AHPR: Thank you so much for your time, Robert.

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SHARP-II Program: Applications Due September 30, 2013 at 5:00 PM

The SHARP-II Program is intended to help address the shortage of health care professionals in the state by increasing the number and improving the distribution of health care professionals. SHARP-II offers loan reimbursements ranging from $20,000 to $47,000 for eligible health care providers.

The deadline to apply is 5:00 PM AKST on September 30, 2013. Help in filling out the application is available on the website. For more information, email Robert Sewell or call him at 907-465-4065.

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Alaska Health Workforce Coalition Report
Kathy Craft

Kathryn LL. Craft, L.P.C.; M.A.; BSW is the director of the Alaska Health Workforce Coalition. Prior to her current position, Craft worked in various capacities for the Department of Health and Social Services and she was the founder and executive director of Family Centered Services of Alaska, a child and family mental health center. Craft received her Bachelor of Science in Social Work from Bowling Green State University in Ohio; her Master of Arts in Community Psychology from the University of Alaska Fairbanks; and she is a Licensed [Supervisor] Professional Counselor. Craft and husband, Mike, have three sons, one daughter, two grandsons and one granddaughter all of whom live in Fairbanks or Anchorage. Upon request from Kelby Murphy, Craft quickly drafted the following report to share with Alaska Health Policy Review reader. Thank you, Kathy.

This report was lightly edited for formatting purposes.

The Alaska Health Workforce Coalition (The Coalition) is a public-private partnership that was launched to develop a coordinated, cohesive, and effective approach to addressing the critical need for health workers in Alaska. The Coalition completed the Alaska Health Workforce Plan, which was adopted by the Alaska Workforce Investment Board as well as by Coalition member organizations. The Coalition has merged with the Alaska Mental Health Trust Authority's (The Trust) Workforce Focus Area and its partners to strengthen and sustain the efforts and pledge support for an Action Agenda that will take the planned strategies forward into implementation.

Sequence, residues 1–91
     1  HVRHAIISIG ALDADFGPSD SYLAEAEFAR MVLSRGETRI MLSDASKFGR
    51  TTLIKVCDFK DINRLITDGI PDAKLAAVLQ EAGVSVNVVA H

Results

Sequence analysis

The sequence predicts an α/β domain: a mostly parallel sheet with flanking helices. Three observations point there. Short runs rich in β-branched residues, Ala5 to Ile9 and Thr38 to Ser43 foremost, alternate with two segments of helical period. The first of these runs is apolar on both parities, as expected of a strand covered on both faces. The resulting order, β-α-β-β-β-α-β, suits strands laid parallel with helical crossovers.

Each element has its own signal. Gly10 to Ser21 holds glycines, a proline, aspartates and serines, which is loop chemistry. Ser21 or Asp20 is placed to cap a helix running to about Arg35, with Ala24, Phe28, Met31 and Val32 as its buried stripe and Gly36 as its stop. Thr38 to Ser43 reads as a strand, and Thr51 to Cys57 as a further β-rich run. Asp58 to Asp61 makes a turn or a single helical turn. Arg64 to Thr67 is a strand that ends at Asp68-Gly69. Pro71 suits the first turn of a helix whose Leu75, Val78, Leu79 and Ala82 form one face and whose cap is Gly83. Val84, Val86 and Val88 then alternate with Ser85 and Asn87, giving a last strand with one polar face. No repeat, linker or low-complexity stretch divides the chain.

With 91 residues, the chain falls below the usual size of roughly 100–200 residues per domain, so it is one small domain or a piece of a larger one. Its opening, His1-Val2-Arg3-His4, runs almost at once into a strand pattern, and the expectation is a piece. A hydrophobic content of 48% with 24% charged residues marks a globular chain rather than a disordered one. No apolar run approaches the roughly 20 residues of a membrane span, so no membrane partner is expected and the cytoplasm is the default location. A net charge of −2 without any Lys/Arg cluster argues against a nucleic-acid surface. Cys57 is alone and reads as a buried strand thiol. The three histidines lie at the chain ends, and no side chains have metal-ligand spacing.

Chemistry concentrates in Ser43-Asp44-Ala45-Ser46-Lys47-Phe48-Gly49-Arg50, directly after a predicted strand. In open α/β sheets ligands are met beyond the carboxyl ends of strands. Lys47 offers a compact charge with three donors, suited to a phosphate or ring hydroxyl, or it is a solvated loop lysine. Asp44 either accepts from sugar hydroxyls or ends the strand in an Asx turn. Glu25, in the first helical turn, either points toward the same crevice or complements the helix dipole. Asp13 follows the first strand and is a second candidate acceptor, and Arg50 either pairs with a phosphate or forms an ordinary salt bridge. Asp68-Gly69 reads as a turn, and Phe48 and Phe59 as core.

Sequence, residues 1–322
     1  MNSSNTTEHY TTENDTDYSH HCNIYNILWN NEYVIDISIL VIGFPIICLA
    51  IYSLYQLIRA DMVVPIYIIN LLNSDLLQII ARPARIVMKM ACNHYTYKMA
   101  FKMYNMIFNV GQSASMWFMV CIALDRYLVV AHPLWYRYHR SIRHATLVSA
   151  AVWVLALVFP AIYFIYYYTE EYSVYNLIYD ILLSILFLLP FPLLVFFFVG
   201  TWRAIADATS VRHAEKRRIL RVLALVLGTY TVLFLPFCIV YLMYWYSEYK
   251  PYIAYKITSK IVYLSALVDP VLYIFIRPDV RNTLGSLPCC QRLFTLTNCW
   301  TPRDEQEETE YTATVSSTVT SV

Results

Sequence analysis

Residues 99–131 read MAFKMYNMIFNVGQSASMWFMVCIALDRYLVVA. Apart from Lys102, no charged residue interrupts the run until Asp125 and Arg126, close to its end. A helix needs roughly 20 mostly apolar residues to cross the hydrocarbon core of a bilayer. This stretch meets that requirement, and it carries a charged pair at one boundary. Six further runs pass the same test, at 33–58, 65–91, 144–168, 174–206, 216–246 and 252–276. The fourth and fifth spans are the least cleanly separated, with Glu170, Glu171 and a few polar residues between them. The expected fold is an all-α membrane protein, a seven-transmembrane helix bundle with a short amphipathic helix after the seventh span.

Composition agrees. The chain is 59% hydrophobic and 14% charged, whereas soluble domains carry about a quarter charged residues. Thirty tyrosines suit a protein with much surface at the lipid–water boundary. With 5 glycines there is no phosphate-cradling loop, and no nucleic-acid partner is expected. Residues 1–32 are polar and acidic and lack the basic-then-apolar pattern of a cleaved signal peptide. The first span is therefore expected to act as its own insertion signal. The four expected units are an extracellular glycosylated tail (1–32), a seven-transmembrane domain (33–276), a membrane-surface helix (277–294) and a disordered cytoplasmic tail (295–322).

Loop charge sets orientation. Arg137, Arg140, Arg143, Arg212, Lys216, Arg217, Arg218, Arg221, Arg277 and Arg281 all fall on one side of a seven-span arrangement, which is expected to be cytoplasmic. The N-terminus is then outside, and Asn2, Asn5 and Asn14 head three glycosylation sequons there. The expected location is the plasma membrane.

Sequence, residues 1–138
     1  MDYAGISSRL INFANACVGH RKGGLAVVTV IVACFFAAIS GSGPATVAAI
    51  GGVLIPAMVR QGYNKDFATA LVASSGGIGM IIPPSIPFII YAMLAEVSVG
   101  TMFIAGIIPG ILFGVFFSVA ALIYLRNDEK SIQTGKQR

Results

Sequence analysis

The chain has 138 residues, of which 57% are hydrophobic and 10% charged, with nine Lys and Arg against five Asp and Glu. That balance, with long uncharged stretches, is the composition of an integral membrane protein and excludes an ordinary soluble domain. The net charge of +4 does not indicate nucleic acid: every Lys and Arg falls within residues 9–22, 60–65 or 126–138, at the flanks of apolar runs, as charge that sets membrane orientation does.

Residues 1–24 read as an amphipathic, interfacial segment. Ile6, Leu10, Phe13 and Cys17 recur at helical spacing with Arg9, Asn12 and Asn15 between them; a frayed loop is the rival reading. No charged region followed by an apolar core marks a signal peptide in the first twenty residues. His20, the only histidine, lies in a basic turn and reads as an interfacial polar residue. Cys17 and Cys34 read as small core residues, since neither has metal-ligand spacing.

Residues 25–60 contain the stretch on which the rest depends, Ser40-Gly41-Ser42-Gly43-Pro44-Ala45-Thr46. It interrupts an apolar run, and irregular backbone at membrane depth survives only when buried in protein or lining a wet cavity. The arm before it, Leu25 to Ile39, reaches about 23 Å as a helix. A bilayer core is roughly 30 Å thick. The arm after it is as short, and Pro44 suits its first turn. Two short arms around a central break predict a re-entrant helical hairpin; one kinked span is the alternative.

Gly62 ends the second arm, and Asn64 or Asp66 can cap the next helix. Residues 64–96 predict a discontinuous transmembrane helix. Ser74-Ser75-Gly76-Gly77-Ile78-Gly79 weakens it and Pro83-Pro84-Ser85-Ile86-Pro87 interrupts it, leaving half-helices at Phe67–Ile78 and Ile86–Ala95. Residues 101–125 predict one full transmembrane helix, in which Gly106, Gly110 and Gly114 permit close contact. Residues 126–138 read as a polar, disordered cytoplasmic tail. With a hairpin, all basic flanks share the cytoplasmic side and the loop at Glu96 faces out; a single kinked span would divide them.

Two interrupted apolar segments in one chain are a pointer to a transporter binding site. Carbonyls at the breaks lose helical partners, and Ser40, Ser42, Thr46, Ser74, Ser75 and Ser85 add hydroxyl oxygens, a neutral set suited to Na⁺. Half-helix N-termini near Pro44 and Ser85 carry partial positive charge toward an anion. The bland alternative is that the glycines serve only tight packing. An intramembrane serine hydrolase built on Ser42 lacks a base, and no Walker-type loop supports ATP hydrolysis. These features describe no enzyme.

The Coalition's leadership includes both industry and government entities:
  • Alaska Behavioral Health Association (ABHA)
  • Alaska Area Health Education Centers (AHECs)
  • Alaska Native Tribal Health Consortium (ANTHC)
  • Alaska Primary Care Association (APCA)
  • Alaska State Hospital and Nursing Homes Association (ASHNHA)
  • Alaska Workforce Investment Board (AWIB)
  • Alaska Mental Health Trust Authority (AMHTA)
  • State of Alaska Department of Education and Early Development (DEED)
  • State of Alaska Department of Health and Social Services (DHSS)
  • State of Alaska Department of Labor and Workforce Development (DOLWD)
  • University of Alaska (UA)
Because the number of occupations that comprise the health workforce is so large, the Coalition realized early on that not all areas of need could be addressed immediately. Therefore, the Coalition worked diligently during 2011 to identify a reasonable set of priorities that can be advanced over the next four years. The Implementation Plan focuses on six occupations and six systemic change initiatives determined by the Coalition to be in highest need of attention.